Mercedes G-Class EV To Offer Optional Extended Range Battery With Silicon Anode Chemistry
Mercedes has announced the upcoming G-Class EV will be offered with an optional battery pack that uses a silicon anode chemistry from Sila.
According to the automaker, the “high-silicon anode material will increase the energy density of batteries without compromising safety or other performance parameters.”
The company went on to say that compared to cells commercially available today, Sila’s technology allows for a 20-40% increase in energy density reaching more than 800 Wh/l at the cell level. That’s a sizable increase and it will enable future vehicles to “store much more energy in the same space,” thus increasing their range by a “significant amount.”
Mercedes isn’t ready to talk specifics, but they expect to offer an extended range G-Class EV with Sila’s battery technology around 2025. The company added the silicon anode materials will be manufactured in Sila’s Washington state plant using 100% renewable energy and Mercedes is the factory’s “first publicly announced automotive customer.”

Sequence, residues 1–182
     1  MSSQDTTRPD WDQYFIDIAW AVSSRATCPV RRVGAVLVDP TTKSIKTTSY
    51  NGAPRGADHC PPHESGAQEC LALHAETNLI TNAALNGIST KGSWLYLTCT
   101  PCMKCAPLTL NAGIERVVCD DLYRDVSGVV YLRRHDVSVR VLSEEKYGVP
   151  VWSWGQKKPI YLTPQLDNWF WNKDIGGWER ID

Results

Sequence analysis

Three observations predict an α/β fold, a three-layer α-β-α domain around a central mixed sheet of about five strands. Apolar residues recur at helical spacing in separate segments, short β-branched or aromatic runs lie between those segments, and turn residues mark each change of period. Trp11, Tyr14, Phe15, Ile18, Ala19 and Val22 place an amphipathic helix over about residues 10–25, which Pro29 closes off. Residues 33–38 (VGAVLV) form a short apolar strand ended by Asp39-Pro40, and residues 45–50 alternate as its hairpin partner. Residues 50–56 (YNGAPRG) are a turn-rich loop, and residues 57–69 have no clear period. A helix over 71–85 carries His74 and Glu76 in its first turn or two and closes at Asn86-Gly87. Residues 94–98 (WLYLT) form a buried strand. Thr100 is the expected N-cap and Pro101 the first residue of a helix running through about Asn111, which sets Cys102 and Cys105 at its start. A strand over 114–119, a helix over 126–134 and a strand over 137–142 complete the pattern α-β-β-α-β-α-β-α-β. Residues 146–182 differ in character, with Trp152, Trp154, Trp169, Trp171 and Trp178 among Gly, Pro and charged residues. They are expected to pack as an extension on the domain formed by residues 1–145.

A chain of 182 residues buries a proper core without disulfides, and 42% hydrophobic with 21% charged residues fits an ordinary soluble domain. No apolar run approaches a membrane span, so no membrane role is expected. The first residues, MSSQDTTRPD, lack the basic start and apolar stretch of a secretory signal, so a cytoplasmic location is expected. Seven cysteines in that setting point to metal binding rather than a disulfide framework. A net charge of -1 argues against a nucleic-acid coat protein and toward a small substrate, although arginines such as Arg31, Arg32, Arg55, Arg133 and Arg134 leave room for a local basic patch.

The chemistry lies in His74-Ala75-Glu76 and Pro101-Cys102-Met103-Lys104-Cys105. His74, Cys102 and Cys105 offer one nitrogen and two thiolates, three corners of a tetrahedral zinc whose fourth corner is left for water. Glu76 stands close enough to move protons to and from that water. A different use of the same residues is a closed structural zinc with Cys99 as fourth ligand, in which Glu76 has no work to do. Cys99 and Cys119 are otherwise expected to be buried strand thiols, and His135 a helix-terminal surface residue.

While Sila isn’t a household name, Mercedes invested in the company in 2019 as part of their research and development efforts to create advanced batteries for future electric vehicles. That investment is now set to pay off as upcoming models will feature high-tech batteries that offer significantly longer ranges than traditional batteries.
In a statement, Mercedes Chief Technology Officer Markus Schäfer said “… In Sila we have a leading partner who will help us power our future generation of electric luxury vehicles with their highly innovative anode technology. Delivering such a high energy density is a true game changer and allows us to think in completely new directions when developing future electric cars.”
His sentiments were echoed by Sila CEO Gene Berdichevsky, who remarked “We’re focused on delivering materials that are cost-efficient and capable of delivering on the promise of electric vehicles, working to ensure longer range energy, improved charge times, and lowering battery cost per kWh.”